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article imageJon Huntsman: GOP is a 'holding company that is devoid of soul'

By JohnThomas Didymus     Jan 1, 2013 in Politics
Former Utah Governor, and GOP presidential nomination candidate Jon Huntsman, who served as the US Ambassador to China in the Obama administration, was brutally frank in his views about the GOP in an interview published Sunday in the UK Daily Telegraph.
The Republican Party moderate told The Daily Telegraph: "The party (the GOP) right now is a holding company that's devoid of a soul."
According to The Daily Telegraph, Huntsman said the Republican Party would need to change if it ever wants to regain power. He berated the party for being outdated in its political views and relying on fear-mongering tactics in politics.
He said: "We can't be known as a party that's fear-based and doesn't believe in math. In the end it will come down to a party that believes in opportunity for all our people, economic competitiveness and a strong dose of libertarianism."
He also accused the party of a tendency to being lax about the truth in the quest for political advantage. He criticized the party for its unwillingness to negotiate with Democrats even at the expense of the overall advantage of the nation. He said: "In my party, compromise cannot be seen as analogous to treason, which it has been recently."
According to Mediaite, he said it was disturbing that the GOP now does not have a leader or a properly articulated agenda, being in disarray. However, he said he expects to see a new party agenda take shape in time as the party reforms in a process that re-empowers the people.
According to The Daily Telegraph, Huntsman criticized the last party presidential nomination process as having, in the early stages, favored extreme right-wing candidates rather than what he described as "long-term competitive candidates" who could challenge the Democrats.
The Daily Telegraph notes that the trauma of Mitt Romney's massive defeat may have opened a door of opportunity for socially moderate but fiscally conservative Republicans to assert themselves once again. He called on the Republican Party to "reflect a little bit on our winning chapters" and come to terms with the shifting demographic character of the country in which white conservatives represent a shrinking portion of the electorate.
Huntsman, who dropped out of the Republican nomination race after a poor showing at the New Hampshire primary, also expressed views that were very critical of the Republican Party in an interview with The Huffington Post. He decried what he considered the obstructionist policies of the GOP. He described the agenda of the GOP as "thwart the opposition, stymie the opposition, obfuscate, be a flamethrower, go out there and destroy the system, and here we are." He added: "In my party, compromise cannot be seen as analogous to treason, which it has been recently."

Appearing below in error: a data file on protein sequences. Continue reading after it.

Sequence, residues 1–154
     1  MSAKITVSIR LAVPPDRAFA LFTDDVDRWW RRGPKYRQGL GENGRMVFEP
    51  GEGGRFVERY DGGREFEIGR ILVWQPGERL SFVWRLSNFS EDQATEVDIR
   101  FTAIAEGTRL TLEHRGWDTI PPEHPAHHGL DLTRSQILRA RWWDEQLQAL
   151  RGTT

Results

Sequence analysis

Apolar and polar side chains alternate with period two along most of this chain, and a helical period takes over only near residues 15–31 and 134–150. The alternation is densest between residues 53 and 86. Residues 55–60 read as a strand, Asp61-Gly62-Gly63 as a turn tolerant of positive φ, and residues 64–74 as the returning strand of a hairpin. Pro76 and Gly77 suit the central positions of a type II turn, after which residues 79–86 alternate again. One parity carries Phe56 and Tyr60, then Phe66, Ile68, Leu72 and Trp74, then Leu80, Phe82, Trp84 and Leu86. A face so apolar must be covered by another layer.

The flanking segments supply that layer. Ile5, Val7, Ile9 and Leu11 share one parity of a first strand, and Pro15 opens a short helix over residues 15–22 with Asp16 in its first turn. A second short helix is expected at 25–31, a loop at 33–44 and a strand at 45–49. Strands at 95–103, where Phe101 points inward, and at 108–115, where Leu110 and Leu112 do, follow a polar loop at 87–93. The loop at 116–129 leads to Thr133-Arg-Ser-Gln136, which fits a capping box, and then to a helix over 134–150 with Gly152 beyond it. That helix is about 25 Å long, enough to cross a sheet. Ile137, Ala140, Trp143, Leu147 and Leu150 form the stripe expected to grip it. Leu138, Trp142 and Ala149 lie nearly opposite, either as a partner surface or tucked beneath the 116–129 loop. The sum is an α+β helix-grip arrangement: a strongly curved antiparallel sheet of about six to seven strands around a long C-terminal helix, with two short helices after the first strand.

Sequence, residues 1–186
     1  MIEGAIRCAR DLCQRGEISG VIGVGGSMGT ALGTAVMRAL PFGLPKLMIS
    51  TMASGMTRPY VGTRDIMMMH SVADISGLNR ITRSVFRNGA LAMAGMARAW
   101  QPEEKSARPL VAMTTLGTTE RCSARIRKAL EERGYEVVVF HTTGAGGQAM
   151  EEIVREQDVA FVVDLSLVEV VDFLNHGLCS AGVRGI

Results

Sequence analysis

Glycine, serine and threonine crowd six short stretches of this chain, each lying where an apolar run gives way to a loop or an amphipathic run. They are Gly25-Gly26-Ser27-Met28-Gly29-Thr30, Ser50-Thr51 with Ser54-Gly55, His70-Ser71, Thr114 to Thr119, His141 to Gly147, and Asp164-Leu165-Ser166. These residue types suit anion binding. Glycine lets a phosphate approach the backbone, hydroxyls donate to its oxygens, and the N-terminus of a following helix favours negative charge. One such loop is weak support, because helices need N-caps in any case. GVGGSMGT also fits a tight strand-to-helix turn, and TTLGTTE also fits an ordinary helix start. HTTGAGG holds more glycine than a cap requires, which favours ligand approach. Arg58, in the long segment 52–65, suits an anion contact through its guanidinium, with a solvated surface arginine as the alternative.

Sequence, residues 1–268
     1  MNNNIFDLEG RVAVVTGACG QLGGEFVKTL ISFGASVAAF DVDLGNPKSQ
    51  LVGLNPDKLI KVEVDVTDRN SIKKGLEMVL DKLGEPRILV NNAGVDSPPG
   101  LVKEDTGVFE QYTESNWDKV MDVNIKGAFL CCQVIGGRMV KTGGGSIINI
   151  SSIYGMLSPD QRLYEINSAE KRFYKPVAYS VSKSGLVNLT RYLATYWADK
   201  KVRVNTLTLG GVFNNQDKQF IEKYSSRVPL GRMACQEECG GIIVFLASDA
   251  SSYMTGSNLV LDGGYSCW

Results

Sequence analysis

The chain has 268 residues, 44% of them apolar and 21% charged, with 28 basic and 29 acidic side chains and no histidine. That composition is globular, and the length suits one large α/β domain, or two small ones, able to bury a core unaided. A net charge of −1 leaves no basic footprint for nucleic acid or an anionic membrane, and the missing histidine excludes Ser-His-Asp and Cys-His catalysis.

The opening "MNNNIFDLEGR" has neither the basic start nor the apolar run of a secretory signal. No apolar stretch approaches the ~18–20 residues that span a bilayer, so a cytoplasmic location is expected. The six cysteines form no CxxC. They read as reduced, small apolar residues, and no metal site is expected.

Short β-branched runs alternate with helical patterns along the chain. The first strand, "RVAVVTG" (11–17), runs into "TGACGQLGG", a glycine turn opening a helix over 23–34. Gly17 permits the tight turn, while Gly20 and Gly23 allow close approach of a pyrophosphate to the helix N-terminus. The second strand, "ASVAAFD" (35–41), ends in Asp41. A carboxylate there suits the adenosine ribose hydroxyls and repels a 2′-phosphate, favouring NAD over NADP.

The Daily Telegraph reports that Obama campaign officials had openly acknowledged that the Mandarin-speaking Republican could pose a threat to the Democrats in a general election, but his failure to gain attention in the Republican primaries crammed with extreme conservative candidates led to the early collapse of his bid.
Huntsman said that the fact that he had worked for Obama, his belief in climate change and his liberal attitudes towards gay rights worked against him, drawing attention away from his conservative position on key issues such fiscal policy, gun control and abortion. He said: "You get caught up in a lot of the issues on which you're easily dismissed without people giving you proper consideration."
Huntsman, however, felt that Republicans have an opportunity, in spite of the present downturn in political fortunes, because, in his view, the Democrats, flushed with victory, would become "lazy." He said: "The one thing that is as sure as the sun rising tomorrow is that the Democrats will become lazy and they will take their [eye] off the ball. We will see more crony capitalism in Washington as the state grows and that's the kind of thing Americans hate."
He remained noncommittal on the question of the possibility of his running for president in 2016. He told The Huffington Post: "Life is full of serendipity. This is a total BS way of answering it, but I never would have guessed I'd be a governor. I never would have guessed I'd go to China as ambassador. I never would have guessed I'd run for president."
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